Massey on Governmental Purpose in Constitutional Analysis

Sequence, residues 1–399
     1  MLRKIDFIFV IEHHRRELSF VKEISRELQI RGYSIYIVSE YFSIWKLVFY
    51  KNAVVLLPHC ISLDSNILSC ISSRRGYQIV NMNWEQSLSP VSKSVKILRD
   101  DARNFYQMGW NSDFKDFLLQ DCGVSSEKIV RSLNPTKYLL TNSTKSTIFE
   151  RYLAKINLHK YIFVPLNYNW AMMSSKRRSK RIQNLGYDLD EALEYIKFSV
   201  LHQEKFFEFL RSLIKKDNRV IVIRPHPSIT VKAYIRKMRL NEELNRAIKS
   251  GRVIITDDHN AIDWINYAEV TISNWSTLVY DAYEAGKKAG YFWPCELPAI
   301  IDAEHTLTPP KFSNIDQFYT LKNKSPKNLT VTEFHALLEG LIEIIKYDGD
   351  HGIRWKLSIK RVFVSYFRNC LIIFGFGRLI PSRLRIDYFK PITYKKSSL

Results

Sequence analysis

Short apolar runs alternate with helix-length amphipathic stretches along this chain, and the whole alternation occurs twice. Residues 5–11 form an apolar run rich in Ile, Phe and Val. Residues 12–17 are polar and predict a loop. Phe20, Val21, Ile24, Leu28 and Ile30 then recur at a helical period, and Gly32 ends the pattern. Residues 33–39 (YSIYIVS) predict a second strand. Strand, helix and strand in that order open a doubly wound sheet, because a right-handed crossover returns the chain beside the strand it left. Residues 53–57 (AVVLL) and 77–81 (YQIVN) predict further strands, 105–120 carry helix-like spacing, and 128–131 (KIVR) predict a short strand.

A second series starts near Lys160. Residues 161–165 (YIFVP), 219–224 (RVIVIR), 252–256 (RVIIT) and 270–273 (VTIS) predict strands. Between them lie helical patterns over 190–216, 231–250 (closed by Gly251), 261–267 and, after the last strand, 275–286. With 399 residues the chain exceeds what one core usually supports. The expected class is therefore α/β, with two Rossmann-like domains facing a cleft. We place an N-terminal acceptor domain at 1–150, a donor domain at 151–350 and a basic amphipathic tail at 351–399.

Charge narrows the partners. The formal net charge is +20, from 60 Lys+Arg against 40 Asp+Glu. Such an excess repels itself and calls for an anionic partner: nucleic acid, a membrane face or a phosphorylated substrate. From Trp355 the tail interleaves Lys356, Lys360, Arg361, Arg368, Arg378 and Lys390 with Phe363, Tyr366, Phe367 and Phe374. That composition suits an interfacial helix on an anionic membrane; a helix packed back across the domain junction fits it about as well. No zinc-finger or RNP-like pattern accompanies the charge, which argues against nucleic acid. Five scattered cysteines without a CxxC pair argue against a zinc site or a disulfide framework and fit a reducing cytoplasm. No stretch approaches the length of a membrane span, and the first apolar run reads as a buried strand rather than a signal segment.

Calvin Massey is about to publish an important article on what place government purpose ought to occupy in constitutional analysis. The article is called "The Role of Governmental Purpose in Constitutional Judicial Review," and it will appear in Vol. 59 of the South Carolina Law Review. Here is the abstract: